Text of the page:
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Re: [Help-gsl] Inverse of a matrix

From: Gongyi Liao
Subject: Re: [Help-gsl] Inverse of a matrix
Date: Sun, 30 Apr 2006 21:34:59 +0800

On Sat, 2006-04-29 at 13:39 -0400, James Bergstra wrote:
> One reason why these guides might be confusing, is that actually you don't 
> need
> (and shouldn't want) the inverse of your covariance matrix.
> Assuming your covariance matrix S is square and positive definite (which it 
> must
> be in order to be invertible) and symmetric (which it is if it is a covariance
> matrix) then what you can do is factorize the matrix into "Cholesky factors" 
> L, L'
> such that L L' = S, and L is a triangular matrix.  The gsl call which does 
> this
> is called "gsl_linalg_cholesky_decomp".  The LAPACK call which does this is
> called "dpotrf".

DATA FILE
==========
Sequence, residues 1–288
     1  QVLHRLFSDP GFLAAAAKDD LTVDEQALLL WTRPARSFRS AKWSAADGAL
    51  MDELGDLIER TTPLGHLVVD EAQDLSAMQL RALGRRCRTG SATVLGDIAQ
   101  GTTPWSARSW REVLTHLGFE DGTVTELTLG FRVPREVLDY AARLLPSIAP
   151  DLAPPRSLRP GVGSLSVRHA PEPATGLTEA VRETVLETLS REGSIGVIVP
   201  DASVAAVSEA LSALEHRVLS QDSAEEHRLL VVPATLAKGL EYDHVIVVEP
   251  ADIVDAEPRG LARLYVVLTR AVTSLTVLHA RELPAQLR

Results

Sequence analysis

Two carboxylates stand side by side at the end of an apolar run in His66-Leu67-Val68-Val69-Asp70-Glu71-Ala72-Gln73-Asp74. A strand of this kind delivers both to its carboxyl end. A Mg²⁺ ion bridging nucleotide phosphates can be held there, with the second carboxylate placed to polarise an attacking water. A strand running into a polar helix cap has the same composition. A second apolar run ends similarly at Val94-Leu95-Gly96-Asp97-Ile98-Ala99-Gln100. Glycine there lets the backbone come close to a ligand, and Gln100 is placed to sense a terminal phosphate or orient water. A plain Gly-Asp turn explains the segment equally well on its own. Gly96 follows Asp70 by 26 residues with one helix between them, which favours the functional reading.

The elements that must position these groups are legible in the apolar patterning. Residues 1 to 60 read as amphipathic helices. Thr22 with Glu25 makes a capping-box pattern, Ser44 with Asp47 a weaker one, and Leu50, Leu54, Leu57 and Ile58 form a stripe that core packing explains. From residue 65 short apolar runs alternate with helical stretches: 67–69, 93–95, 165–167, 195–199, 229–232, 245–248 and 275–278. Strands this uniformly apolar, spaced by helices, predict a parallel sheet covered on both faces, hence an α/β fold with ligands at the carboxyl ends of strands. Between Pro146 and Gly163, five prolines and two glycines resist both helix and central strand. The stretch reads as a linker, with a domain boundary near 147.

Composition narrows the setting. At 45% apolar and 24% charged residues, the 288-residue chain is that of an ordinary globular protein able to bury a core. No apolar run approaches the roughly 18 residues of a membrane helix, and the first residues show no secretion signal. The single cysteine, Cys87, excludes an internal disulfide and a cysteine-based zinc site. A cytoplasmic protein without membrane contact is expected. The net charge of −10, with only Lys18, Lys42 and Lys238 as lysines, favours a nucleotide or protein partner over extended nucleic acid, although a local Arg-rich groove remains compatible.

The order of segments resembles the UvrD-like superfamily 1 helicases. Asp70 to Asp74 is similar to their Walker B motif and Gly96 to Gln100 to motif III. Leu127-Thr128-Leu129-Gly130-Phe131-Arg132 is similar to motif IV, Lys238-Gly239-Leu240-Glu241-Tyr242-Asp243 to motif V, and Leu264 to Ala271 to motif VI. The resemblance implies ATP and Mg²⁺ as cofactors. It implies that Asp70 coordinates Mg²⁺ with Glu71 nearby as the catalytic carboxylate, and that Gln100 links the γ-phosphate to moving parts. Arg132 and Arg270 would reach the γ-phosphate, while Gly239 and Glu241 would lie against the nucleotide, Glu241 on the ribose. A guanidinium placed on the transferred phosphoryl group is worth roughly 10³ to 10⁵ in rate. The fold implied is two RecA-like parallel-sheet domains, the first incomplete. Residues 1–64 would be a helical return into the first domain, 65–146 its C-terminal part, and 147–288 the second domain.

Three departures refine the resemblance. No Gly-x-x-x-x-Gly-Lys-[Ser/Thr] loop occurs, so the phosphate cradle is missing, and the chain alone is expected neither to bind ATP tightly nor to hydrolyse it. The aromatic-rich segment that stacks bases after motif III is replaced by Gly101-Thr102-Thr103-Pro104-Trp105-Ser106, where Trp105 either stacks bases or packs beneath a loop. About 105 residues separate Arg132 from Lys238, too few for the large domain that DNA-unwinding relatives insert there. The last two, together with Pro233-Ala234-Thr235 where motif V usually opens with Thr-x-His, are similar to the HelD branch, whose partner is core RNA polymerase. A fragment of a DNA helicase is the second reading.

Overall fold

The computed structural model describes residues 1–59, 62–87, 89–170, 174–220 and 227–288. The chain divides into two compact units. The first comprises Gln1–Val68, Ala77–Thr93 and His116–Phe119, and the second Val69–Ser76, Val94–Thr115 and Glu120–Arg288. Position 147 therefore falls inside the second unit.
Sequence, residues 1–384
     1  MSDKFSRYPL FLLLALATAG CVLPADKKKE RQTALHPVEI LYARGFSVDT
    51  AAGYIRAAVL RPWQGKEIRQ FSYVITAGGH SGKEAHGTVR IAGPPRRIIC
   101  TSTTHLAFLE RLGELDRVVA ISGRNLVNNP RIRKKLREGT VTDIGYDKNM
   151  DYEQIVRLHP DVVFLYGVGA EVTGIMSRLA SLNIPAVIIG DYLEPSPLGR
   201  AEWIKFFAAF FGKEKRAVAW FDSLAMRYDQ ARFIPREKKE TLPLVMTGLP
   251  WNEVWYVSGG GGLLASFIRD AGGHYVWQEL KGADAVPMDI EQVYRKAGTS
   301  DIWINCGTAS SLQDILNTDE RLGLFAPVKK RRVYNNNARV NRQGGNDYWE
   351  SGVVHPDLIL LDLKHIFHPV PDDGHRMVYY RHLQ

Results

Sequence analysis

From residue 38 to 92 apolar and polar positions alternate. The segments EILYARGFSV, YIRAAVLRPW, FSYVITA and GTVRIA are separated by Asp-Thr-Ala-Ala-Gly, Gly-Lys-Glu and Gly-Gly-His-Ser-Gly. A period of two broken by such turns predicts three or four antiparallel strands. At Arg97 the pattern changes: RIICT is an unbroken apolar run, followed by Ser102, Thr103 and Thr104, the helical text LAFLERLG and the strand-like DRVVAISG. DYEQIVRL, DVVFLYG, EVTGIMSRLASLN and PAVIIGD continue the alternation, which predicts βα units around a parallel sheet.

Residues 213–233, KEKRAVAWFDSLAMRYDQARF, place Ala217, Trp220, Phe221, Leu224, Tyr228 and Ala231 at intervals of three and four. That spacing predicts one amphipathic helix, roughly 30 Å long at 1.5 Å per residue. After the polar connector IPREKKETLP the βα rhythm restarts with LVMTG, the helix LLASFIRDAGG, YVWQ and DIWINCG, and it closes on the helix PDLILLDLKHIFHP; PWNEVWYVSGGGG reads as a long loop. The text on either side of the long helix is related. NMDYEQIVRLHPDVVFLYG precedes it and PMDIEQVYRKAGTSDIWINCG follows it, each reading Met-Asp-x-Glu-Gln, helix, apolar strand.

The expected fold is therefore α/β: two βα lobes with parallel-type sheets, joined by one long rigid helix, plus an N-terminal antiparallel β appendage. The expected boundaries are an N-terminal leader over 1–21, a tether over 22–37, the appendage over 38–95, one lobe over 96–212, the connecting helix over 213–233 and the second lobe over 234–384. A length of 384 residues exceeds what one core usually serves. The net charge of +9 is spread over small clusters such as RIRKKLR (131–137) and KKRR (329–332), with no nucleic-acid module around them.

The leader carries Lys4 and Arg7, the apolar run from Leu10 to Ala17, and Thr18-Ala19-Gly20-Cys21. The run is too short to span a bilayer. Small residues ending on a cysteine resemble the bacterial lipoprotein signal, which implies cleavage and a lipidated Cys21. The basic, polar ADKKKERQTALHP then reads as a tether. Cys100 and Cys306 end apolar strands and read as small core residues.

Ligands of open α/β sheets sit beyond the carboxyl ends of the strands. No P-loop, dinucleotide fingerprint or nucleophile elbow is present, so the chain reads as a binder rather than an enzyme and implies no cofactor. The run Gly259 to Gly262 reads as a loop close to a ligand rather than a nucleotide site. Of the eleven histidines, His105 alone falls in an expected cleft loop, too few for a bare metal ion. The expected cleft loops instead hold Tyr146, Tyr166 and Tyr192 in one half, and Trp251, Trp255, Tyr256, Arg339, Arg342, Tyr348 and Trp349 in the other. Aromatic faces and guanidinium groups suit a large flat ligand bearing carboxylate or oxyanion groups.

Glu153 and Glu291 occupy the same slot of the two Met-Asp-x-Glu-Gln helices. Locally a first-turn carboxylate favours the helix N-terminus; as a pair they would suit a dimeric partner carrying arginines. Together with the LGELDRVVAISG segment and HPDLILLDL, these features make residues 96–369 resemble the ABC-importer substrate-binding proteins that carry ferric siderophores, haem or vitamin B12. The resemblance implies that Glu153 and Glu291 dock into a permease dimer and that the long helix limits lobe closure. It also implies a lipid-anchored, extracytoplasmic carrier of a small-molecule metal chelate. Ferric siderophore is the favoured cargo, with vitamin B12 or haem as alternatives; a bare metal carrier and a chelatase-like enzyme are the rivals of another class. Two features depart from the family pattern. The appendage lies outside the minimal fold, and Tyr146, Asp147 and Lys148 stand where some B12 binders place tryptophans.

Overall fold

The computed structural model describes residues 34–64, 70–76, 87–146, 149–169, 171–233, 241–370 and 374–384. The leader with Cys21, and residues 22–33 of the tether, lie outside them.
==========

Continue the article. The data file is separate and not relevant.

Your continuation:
> Your equation is actually easier to compute in the log-domain:
> log(1/sqrt(det(2 pi SIGMA)) * exp(- 0.5 (Y - MU) inv(SIGMA) (Y-MU)))
> = -N/2 log(2 pi) - log(det(L)) - 0.5 ||inv(L)(Y-MU)||^2
> log(det(L)) is the sum of the logarithms of the terms on the diagonal of L.
> inv(L)(Y-MU) is a vector that you compute using the function
> gsl_linalg_cholesky_svx.  You first calculate Y-MU, and then the function 
> uses L to
> transform it directly to inv(L)(Y-MU), without ever inverting L.
> If you are calculating the PDF of many points at once, you can get more speed 
> by
> replacing the level2 blas calls with level3 ones in the source of
> gsl_linalg_cholesky_svx.
> Some of this work is actually implemented in the libmsl/Layer extension in my 
> libmsl
> package.  If you want, check out the implementation of the layer_gaussian 
> routine:
> The catch is that layer_gaussian expects that your covariance matrix is 
> already
> factored on input, eg. it expects L as input, not SIGMA.
Thanks for your comprehensive answer,  you have given a good approach
for programming, I am now trying using GSL to do MCMC simulation and
calculation, I wonder if there is some "simple and intuitive" way in GSL
for computing the inverse of a matrix without exam it is symmetric,
positive-definite or singular(if it is , we need generalized inverse)
it seems that many "ad hoc" solutions are there, thanx for your

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